Ron Perlman as Frank Napier in the gripping thriller, ’The Capture’. Picture: Supplied
Ron Perlman as Frank Napier in the gripping thriller, ’The Capture’. Picture: Supplied

Ron Perlman brings his own form of hell to ‘The Capture’

By Debashine Thangevelo Time of article published Feb 14, 2021

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Nothing is as it seems. This pretty much sums up “The Capture”.

In the first episode of the 8-part BBC mini-series, viewers were thrust into the cloak-and-dagger world of surveillance and intelligence services.

And, boy oh boy, was it eye-opening. More so, because it smacks of our new reality where no one is safe from the prying eyes of Big Brother.

Ron Perlman is one of the easily recognisable faces on the show. Although, his character Frank Napier is as much of a mystery as the unfolding mayhem involving Former Special Forces Lance Corporal Shaun Emery (Callum Turner), who is accused of kidnapping and murdering his lawyer, Hannah Roberts (Laura Haddock).

Although the evidence is stacked against him thanks to the securing of irrefutable live footage of the two of them together, Shaun is adamant he had nothing to do with her disappearance.

Ron Perlman in a scene from the series. Picture: Supplied

At first, Detective Inspector Rachel Carey (Holliday Grainger) is confident of his guilt.

However, unfolding events lead her to dig a little deeper, which results in her stumbling onto a conspiracy that could be most detrimental to her and all involved in the case.

Frank is one of the important cogs in this case as he has vested interest in Hannah, too. Although, his involvement is shrouded in secrecy.

Perlman, who has been embroiled in a legal divorce battle with his wife recently sought legal intervention and was declared ‘legally single’, is elated to be a part of “The Capture”.

The seasoned actor plans on tying the knot with his fiancée and “StartUp” costar, Allison Dunbar.

On his first impressions of the show, based on the scripts, he shared: “(I) Loved them, it’s very smart storytelling.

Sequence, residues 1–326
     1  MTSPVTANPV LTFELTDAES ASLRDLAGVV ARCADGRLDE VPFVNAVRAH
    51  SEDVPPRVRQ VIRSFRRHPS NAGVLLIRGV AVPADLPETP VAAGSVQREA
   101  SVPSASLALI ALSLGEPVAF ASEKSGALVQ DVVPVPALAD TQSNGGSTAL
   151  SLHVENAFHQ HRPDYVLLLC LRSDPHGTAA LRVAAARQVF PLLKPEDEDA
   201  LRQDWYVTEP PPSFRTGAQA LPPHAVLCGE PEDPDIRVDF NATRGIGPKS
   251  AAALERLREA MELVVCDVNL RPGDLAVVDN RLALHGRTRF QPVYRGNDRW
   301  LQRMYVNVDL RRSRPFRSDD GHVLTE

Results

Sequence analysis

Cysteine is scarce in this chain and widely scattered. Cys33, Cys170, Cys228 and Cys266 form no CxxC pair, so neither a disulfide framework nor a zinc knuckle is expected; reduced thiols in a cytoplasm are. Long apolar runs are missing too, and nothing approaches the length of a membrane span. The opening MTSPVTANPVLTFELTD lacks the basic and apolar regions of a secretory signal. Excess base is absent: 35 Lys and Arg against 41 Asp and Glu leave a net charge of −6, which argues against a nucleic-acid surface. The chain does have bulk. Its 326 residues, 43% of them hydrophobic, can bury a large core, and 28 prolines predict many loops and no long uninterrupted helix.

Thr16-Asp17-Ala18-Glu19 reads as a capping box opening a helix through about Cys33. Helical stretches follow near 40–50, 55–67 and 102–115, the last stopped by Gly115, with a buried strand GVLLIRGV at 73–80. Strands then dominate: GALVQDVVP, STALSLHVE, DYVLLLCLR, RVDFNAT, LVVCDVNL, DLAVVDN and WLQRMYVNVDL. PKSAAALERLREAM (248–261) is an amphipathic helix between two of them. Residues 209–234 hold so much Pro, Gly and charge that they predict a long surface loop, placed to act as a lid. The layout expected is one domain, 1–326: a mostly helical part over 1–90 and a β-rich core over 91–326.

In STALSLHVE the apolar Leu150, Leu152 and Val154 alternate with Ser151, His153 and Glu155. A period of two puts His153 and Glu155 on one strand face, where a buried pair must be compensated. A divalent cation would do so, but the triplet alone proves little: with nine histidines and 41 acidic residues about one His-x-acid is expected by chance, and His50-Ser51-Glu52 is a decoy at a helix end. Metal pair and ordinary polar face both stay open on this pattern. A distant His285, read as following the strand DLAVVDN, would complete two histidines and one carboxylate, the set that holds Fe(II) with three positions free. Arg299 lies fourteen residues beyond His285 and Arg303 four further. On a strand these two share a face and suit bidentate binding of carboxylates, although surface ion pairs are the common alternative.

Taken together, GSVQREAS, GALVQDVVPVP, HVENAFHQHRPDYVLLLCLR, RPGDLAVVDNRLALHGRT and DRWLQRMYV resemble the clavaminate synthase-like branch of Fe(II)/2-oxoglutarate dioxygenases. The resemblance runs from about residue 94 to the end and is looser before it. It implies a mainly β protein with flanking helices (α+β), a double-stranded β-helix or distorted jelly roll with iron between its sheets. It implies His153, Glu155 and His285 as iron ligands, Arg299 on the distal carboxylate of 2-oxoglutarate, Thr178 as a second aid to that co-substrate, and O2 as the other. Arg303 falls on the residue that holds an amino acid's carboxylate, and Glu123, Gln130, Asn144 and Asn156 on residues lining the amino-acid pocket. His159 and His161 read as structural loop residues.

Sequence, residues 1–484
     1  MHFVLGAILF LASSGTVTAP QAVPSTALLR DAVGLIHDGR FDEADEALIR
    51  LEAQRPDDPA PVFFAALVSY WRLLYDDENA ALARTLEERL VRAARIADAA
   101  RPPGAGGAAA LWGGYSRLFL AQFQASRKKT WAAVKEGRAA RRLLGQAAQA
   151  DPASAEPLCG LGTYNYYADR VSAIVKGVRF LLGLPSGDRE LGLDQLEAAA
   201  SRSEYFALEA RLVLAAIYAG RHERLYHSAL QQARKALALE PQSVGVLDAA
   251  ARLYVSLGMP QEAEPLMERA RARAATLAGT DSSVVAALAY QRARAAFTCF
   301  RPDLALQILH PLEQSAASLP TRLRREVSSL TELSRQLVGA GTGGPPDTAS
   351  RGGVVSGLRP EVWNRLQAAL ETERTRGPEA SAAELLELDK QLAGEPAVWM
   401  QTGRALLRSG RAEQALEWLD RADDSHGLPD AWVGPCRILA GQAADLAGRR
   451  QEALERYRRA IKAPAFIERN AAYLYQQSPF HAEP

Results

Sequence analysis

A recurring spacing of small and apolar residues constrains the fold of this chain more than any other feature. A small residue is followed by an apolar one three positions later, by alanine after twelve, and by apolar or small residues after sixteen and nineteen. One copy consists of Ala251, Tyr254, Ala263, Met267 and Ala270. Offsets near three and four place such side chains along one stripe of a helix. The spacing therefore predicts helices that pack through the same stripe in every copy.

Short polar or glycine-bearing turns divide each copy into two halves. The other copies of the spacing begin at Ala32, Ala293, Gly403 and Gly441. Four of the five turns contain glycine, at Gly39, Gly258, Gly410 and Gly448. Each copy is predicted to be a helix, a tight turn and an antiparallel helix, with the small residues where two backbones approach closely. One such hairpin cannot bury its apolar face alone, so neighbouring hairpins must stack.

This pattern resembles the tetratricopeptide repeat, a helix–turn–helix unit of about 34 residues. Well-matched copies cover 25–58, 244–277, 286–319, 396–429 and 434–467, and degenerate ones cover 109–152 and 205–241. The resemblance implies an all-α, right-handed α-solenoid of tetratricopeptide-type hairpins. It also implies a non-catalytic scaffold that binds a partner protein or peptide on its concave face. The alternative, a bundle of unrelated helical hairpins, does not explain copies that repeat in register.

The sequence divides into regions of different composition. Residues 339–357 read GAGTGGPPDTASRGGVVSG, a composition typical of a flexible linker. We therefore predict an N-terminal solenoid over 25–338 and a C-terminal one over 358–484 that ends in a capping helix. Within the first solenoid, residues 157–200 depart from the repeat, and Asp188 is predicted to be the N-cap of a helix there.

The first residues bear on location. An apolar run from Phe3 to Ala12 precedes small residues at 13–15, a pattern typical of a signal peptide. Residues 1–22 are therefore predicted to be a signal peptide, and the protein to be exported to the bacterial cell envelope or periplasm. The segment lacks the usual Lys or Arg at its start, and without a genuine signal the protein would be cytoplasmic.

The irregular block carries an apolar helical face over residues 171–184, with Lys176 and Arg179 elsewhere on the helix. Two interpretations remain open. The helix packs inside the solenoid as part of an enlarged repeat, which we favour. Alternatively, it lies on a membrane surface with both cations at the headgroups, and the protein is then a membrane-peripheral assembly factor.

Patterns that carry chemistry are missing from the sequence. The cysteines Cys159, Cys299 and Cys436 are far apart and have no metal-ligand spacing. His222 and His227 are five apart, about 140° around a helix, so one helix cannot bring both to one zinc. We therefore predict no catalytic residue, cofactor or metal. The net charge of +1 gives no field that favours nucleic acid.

“The series thrusts you into a world where I had no idea what was happening and where the writer is ultimately going with the characters, so the scripts were the quintessential page-turner.

Ron Perlman as Frank Napier in a scene from “The Capture“. Picture: Supplied

“My favourite thing is how brilliant Ben Chanan (writer and director) is at putting personality and idiosyncrasy into his characters.

“They aren’t talking heads, they are all kind of weird and twisted, and they have quirks, parts of them are over the top, parts of them are cynical and that comes out in strange, wonderful turns of phrase that are filled with wit and humour.”

Shedding light on his enigmatic character, he shared: “The fun of it is finding that out across the series, once Frank makes his entrance.

“But he is a guy with a great deal of gravitas and authority. He is a career guy, who's been around forever doing his thing.

“Frank comes into the series once Shaun's story is underway, and we aren’t quite sure what Frank thinks about this fella.

“But we know he’s taking a great deal of interest in how Shaun Emery can be useful to his agenda.

“We spend the rest of the time watching him manoeuvre and navigate, and we ultimately end up knowing a lot about his world view, his position about the ends justifying the means, how duplicitous he’s willing to be, and what part of him is real and what part of him is made up.”

Critics have lauded the show, which has been approved for a second season.

Perlman said: “In a world where the truth - and in particular the truth of journalism - is under assault with this phrase 'fake news', this is an amazingly important story and exploration.”

“I think that was what fascinated Ben Chanan: the original sin of why he wanted to sit down and grapple with this and turn it into six episodes of television. It’s a very pertinent series.

“We are grappling right now with the question of how much privacy we want to sacrifice in order to be safe and free. What’s justifiable and what’s unjustifiable? Where are the lines and are they being blurred?

“We are talking about a completely new breed of warfare that’s more idealistic than anything else, and having to adapt and having to throw out certain things that we assumed were birthrights, and then exchange them for things that are useful in terms of preserving our way of life.

“You couldn’t have a more current dialectic about all these situations than ‘The Capture’. It's very pertinent now and probably will be for many years to come.”

“The Capture” airs on M-Net on Thursdays at 10.50pm.

Viewers can also binge-watch the show on Showmax.

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